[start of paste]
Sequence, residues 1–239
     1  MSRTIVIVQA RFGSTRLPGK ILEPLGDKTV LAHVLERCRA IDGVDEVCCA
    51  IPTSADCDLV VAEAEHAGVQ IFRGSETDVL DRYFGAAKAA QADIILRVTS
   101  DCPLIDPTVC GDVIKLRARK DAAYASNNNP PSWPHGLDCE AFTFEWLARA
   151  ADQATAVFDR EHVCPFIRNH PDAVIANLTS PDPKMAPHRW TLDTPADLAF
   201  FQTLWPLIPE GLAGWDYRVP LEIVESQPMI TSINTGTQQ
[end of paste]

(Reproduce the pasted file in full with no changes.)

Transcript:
Sequence, residues 1–239
     1  MSRTIVIVQA RFGSTRLPGK ILEPLGDKTV LAHVLERCRA IDGVDEVCCA
    51  IPTSADCDLV VAEAEHAGVQ IFRGSETDVL DRYFGAAKAA QADIILRVTS
   101  DCPLIDPTVC GDVIKLRARK DAAYASNNNP PSWPHGLDCE AFTFEWLARA
   151  ADQATAVFDR EHVCPFIRNH PDAVIANLTS PDPKMAPHRW TLDTPADLAF
   201  FQTLWPLIPE GLAGWDYRVP LEIVESQPMI TSINTGTQQ